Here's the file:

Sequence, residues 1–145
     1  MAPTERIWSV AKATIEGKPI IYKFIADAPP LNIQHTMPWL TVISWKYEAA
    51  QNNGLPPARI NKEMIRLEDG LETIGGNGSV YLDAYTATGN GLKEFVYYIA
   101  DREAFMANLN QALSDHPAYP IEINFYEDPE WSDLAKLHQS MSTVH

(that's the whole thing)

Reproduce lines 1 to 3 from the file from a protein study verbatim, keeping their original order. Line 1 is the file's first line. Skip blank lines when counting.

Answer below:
Sequence, residues 1–145
     1  MAPTERIWSV AKATIEGKPI IYKFIADAPP LNIQHTMPWL TVISWKYEAA
    51  QNNGLPPARI NKEMIRLEDG LETIGGNGSV YLDAYTATGN GLKEFVYYIA